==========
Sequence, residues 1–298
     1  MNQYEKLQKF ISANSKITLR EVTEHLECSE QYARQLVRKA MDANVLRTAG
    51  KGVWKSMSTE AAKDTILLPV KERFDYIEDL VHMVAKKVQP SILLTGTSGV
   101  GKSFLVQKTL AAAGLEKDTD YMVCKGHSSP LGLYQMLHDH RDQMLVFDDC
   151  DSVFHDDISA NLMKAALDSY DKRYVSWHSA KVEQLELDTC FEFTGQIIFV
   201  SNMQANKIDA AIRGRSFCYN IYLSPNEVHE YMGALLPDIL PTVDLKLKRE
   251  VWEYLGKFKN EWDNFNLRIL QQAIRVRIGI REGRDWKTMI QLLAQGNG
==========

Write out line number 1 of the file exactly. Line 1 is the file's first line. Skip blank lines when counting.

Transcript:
Sequence, residues 1–298